Training for project management

a simulation workshop approach

Indiana University

Desmond L. Cook

Ohio State University

During the past two decades our nation has witnessed a remarkable growth in Research and Development spending by institutions of higher education. Expenditures for R & D activities in colleges and universities rose from $344 million in 1953 to $1,359 billion in 1963, and in 1973 an estimated $3,425 billion was expended for this purpose.1 The reasons for this upsurge in research spending are numerous and complex, but in general they have much to do with efforts to apply large-scale research techniques to social, educational, and economic problems as well as in scientific and technological fields.

This development has resulted in a number of effects: an increase of applied research activity carried on by teams large enough and complex enough to be compared to academic departments, a corresponding increase in the proportion of budgetary funds that are contracted rather than allocated to the institution, the need to be accountable to outside agency requirements without violating principles of academic freedom, and the institution's increasing reliance on administrators who can deal knowledgably and effectively with both research teams and sponsoring agencies. In particular, it is important to have principal investigators who can bring some managerial skills as well as substantive knowledge to bear on the work of th project. A project ought not fail because an otherwise highly qualified principal investigator lacks administrative experience or knowledge.

Too often, however, project managers gain administrative experience by trial and error: such experience can be very expensive, especially in short-term projects. Project managment as a professional field is a relatively new concept; while many people are becoming generally cognizant of the term and its application to developments within their own institutions, they do not have experience in — or perhaps even knowledge of — the specific activities involved. In addition, while a few individuals may have the time and interest to become involved in theoretical aspects of project management, the majority of educational personnel need to develop practical competencies as quickly as possible.

Little has been written, however, on how effective short-term training for project managers can be provided. This challenge was faced in the winter of 1973, when the authors were asked to conduct a workshop for the research section of the 67th Annual Convention of the American Vocational Association (AVA). The participants in this workshop were about 75 members of AVERA, the Educational Research subgroup of AVA. For the most part they were state-level personnel who served in some kind of research coordinating capacity, program officers directly involved in the administration of vocational education dollars. The objective of the workshop was to provide an experience that would expose them to as many practical aspects of project management as possible within a three-hour time constraint.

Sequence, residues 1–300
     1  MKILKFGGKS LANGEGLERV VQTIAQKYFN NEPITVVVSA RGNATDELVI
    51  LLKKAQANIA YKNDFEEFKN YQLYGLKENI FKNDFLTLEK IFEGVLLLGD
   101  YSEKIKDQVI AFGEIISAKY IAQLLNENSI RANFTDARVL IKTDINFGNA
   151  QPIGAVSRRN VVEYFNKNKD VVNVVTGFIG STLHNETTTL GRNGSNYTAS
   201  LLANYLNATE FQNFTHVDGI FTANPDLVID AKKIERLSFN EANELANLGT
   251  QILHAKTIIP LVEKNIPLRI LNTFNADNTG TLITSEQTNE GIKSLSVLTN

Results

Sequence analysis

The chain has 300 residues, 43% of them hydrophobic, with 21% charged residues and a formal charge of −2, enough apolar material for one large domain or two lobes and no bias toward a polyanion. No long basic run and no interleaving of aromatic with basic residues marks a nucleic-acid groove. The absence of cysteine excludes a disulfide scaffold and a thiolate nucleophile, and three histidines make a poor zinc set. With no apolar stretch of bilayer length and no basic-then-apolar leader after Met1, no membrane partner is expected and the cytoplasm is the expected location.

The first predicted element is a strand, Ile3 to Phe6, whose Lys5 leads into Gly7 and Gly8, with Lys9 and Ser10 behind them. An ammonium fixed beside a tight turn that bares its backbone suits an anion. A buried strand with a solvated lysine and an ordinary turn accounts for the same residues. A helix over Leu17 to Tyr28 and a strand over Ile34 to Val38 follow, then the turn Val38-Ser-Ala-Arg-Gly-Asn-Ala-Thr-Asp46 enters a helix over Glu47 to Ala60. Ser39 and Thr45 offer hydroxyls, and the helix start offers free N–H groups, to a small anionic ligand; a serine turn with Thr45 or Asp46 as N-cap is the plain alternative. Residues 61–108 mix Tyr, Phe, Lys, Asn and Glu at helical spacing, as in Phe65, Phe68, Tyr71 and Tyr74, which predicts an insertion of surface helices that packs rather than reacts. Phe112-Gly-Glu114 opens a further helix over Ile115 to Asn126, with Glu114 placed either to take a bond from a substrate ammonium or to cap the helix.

To achieve this objective, it was decided to focus on project problem-solving activities, beginning with the problem of conceptualizing a good project plan and finishing with the problem of discontinuing project activities. The preliminary work and decision making actually exceeded the role of the project manager per se, but it was considered important to show an interface between project management and research administration in the larger sense. Direct involvement by the participants was viewed as a better way to use the time than attempting to lecture or passing out a volume of materials and bibliographies that there would not be time to discuss. Instead, a simulation approach was used, entitled “The Life Cycle of a Research Project.” This simulation involved taking each workshop participant actively through the essential steps of the project development process.

The basic structure of the simulation was derived in part from the presenters’ personal experiences and from several instructional resources. These included the textEducational Project Management2 by Desmond Cook and self-instructional materials developed jointly by the Eucational Program Management Center at Ohio State University and the Project Management Component, Research for Better Schools, Inc. of Philadelphia. The self-instructional package covers the basic principles of project management as they relate to a local school district setting. The material is being produced under the title Educational Project Management Instructional Systems3. In addition to these sources, materials were drawn from the files of the Center for Vocational and Technical Education at the Ohio State University. The problems and solutions section was developed by Rex Stockton and Leo Burke.4